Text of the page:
, a faculty member at UALR's Bowen Law School
has sued UALR and the law school dean, Michael Schwartz, to get student data he'd been denied after making a Freedom of Information Act
Steinbuch, represented by Matt Campbell, the Little Rock lawyer and Blue Hog Report blogger, said he had requested LSAT scores, undergraduate GPA, law-school GPA,race, gender, and age data for all students. He'd been given similar information in 2012 after individual names were removed. He asked for the information again in 2015, but received a response that redacted information about ethnicity, gradepoints and LSAT scores.
Schwartz said that information wasn't included because Steinbuch had served on the law school's admission committee and
it is reasonable to assume your knowledge of the applicants, particularly applicants whose credentials are distinctive in terms of being higher or lower relative to their peers. Likewise, it is likely there are combinations of undergraduate GPA and LSAT score that would be memorably distinctive. Those issues would be exacerbated by ethnicity data, particularly because the law school admits so few students of color. It is therefore reasonably likely that, if we were to provide the redacted information, you would be able to infer identity and therefore the data is data that could reasonably be expected to lead to personally identifiable information. For similar reasons, as a professor at a small law school like Bowen that has only a very small number of students of color, the ethnicity data needed to be redacted in any event because providing even the ethnicity data alone would reasonably be expected to lead to personally identifiable information.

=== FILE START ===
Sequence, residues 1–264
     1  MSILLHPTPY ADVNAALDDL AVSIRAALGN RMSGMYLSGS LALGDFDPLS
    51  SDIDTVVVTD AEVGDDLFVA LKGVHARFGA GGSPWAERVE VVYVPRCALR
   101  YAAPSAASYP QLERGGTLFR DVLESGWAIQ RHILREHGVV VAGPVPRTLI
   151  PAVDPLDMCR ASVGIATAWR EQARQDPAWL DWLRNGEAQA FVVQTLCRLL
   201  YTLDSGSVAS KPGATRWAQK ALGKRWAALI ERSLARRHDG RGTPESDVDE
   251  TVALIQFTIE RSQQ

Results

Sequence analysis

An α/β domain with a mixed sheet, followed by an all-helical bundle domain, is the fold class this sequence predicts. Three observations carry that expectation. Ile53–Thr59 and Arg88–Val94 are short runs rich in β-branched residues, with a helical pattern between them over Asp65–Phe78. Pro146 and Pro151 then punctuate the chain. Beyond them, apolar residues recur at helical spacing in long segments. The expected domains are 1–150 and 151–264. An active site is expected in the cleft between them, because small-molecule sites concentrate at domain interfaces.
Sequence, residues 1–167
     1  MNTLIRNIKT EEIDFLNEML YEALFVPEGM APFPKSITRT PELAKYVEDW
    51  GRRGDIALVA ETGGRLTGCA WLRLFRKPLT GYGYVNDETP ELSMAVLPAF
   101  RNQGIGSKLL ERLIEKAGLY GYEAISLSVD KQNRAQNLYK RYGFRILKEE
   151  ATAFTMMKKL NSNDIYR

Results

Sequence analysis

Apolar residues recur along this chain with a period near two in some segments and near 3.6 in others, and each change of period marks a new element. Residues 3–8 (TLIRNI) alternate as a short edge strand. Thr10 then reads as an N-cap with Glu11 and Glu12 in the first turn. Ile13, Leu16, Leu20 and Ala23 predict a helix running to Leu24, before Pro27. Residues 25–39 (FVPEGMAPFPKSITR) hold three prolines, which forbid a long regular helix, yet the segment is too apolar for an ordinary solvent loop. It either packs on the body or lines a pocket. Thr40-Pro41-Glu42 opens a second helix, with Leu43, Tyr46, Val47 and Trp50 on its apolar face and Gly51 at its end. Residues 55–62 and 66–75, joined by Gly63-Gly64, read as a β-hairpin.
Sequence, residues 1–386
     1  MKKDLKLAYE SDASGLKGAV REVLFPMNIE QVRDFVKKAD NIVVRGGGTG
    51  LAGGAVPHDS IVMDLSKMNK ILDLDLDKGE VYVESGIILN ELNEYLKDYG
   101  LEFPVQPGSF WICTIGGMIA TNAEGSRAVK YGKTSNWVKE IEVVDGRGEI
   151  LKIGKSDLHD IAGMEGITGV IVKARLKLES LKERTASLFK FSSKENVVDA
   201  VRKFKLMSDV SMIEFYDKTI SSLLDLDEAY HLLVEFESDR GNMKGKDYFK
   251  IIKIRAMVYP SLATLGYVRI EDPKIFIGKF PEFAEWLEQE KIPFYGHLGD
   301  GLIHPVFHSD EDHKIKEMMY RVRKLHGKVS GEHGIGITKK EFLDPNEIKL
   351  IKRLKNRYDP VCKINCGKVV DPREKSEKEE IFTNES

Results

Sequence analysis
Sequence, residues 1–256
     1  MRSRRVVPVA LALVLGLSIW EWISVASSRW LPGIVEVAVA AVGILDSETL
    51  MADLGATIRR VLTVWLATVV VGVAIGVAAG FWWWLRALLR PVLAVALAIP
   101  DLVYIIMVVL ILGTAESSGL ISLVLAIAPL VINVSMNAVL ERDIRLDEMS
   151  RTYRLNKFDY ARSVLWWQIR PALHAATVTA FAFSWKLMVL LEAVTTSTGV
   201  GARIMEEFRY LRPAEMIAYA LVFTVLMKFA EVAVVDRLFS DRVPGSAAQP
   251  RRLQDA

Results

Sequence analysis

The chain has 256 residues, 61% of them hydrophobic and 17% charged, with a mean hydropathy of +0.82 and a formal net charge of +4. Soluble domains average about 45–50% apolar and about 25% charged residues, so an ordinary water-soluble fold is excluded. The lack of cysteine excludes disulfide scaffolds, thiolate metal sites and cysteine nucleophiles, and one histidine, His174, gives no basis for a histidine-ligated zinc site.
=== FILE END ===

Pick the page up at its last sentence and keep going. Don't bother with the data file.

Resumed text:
Steinbuch argues that there's no exemption in the law that allows the dean to make such a determination to withhold information. He also said he "could not possibly recall a specific LSAT/GPA combination that would allow identification of specific students, as admissions committee members are not provided with
a list of admitted students that contains LSAT scores and undergraduate GPAs once an admission decision is made."
Steinbuch's interest is related to his belief that there's a correlation between race and success at UALR. That is, the school accepts students with lower qualifications on account of race and that results in differences in success — graduation and passage of the bar exam.
Here's the lawsuit.